If death was a door–in a symbolic way, it is—but if it is not a violent or painful act, but could be carried out as simply as by entering, I think I might be very tempted to open that door.
At some point between when my beautiful little beast woke me up in the middle of the night with a harrowing cry because she was no longer able to get herself up on her old and frail four, and when all the numbers on the monitor that was hooked up to my dad in St. Vincent Hospital rapidly dropped as he slipped away into the unknown before my eyes, a great storm erupted within me. And I still have no command over it.
Since then and now, I’ve learned that there is a whole lot more than meets the eye as far as human existence goes. We smile. We laugh. We go about our business as usual, but really, underneath it all, what is going on?
Moody, sensitive, dark, depressed… If these traits make up an artistic temperament, I think I’m some of them, but not all of them. Even though I can’t seem to escape this manic grip within, I know that there also is an incredible amount of light in this same being that wakes me up everyday and gets me on my feet, helps me put on my clothes, smile and carry on. Obviously, most days, the light wins.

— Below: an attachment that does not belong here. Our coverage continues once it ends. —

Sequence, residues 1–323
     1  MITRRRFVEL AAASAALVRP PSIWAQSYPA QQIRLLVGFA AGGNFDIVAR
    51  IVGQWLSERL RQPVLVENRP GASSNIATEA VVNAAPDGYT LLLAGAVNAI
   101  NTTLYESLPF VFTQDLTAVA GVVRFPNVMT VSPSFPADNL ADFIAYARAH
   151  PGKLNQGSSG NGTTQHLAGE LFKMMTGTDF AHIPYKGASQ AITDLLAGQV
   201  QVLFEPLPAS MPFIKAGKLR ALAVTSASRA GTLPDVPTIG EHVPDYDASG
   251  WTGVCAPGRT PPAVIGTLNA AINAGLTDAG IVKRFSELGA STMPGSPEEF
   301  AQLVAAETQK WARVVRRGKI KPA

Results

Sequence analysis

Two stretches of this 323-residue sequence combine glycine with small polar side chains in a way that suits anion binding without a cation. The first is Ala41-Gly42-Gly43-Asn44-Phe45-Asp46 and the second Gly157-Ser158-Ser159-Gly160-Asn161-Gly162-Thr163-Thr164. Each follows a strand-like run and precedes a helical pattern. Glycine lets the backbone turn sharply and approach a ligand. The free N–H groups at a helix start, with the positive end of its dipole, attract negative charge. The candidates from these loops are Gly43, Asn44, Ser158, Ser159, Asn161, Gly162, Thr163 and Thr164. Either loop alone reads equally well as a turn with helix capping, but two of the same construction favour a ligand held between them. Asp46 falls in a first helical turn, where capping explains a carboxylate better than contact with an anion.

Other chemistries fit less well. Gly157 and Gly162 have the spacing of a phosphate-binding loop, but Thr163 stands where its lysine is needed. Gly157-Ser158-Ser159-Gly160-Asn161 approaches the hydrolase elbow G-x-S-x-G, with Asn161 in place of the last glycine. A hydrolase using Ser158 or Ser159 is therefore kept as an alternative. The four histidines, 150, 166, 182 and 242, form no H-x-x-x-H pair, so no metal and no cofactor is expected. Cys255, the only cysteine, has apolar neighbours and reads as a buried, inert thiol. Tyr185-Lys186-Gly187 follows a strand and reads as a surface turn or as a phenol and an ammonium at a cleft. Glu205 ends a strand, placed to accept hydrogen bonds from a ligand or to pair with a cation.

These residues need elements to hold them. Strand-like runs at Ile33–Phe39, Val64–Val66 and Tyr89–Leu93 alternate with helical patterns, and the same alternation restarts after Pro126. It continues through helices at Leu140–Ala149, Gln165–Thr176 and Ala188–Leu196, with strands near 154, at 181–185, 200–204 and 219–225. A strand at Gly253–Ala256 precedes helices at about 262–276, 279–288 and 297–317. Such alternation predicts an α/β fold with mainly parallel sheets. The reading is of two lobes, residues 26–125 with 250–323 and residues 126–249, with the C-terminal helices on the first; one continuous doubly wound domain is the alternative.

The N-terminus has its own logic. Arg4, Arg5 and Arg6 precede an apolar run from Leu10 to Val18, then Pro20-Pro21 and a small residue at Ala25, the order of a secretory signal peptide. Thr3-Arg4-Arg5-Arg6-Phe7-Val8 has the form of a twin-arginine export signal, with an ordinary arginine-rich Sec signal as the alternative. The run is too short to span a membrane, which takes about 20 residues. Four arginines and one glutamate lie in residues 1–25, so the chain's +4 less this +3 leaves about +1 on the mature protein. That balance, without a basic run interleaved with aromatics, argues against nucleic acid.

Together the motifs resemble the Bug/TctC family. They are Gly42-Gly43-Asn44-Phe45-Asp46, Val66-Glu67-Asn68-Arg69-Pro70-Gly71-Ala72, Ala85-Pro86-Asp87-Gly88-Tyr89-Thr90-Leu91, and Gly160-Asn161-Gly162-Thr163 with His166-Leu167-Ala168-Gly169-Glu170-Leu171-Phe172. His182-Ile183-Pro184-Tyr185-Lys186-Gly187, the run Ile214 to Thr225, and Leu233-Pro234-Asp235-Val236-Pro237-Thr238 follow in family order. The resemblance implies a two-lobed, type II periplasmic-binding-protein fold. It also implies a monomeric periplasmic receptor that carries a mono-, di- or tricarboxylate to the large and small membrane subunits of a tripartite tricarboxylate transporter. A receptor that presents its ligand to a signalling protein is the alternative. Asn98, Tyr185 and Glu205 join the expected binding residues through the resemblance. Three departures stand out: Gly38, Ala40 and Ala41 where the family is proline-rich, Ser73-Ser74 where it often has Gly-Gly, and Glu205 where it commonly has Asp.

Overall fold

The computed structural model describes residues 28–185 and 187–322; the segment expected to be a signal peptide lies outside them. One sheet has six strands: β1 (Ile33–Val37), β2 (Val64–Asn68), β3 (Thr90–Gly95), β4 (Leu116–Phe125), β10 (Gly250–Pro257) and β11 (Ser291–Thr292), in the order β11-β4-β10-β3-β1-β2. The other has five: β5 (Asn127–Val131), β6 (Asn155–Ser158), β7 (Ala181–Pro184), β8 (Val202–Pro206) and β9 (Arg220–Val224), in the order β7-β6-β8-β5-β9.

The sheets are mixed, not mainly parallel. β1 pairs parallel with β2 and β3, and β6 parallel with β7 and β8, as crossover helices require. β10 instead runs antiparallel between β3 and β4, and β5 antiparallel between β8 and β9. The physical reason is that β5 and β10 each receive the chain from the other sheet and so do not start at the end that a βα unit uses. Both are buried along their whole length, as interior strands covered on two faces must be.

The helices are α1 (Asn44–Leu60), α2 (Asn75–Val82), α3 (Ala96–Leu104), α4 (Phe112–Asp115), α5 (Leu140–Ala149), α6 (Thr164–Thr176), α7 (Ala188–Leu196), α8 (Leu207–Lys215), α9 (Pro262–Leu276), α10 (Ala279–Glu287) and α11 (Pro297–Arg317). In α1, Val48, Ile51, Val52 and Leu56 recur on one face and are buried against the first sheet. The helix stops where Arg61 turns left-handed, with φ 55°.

My hat’s off to you who figured out how to live this thing called life. I wholeheartedly concur with you who might judge me for my weakness, because I know that my circumstances are not so exclusively special. We all deal with it, Joy, whatever it is. You’re not the only one.
I will show up. I will show up mulishly to do my part whether it amounts to anything or not. I will hold my own in this “Great Big Storm,” thank you, Mr. Ruess.
Just like the poet who stopped by woods on a snowy evening, I too have promises to keep and miles to go before I sleep.
No need to rush. The door will always be there. This we know for sure.